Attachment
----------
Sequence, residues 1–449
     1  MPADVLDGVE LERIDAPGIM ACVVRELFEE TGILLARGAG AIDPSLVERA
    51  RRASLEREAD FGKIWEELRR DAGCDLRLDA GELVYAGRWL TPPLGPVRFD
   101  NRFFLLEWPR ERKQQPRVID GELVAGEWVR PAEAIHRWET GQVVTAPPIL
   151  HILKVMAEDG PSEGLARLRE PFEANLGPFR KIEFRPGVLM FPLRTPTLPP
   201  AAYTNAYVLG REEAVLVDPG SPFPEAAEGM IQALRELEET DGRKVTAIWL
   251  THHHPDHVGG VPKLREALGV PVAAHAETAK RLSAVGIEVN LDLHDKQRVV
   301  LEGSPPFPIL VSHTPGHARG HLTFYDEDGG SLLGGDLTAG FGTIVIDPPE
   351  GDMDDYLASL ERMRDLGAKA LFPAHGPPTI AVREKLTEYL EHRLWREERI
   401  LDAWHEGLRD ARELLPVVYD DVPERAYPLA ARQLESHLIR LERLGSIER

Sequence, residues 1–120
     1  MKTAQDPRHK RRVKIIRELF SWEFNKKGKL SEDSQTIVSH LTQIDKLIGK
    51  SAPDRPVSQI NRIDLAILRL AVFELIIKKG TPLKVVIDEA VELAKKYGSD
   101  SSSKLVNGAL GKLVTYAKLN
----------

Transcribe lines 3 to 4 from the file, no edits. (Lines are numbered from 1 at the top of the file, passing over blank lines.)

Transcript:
    51  RRASLEREAD FGKIWEELRR DAGCDLRLDA GELVYAGRWL TPPLGPVRFD
   101  NRFFLLEWPR ERKQQPRVID GELVAGEWVR PAEAIHRWET GQVVTAPPIL